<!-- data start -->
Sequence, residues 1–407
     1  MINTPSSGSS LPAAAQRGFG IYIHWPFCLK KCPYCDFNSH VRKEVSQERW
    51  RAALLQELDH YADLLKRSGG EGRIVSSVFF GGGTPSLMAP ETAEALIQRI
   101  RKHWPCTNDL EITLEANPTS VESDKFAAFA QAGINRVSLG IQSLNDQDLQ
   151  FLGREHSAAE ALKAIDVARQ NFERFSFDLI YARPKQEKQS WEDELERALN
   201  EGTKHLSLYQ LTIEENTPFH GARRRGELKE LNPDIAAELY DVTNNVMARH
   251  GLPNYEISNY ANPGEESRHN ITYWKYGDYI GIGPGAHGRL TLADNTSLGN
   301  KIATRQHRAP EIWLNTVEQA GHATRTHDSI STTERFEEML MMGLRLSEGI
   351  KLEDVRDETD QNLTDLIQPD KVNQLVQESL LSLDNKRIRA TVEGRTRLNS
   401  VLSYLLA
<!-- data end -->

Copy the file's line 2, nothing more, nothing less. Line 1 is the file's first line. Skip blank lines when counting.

     1  MINTPSSGSS LPAAAQRGFG IYIHWPFCLK KCPYCDFNSH VRKEVSQERW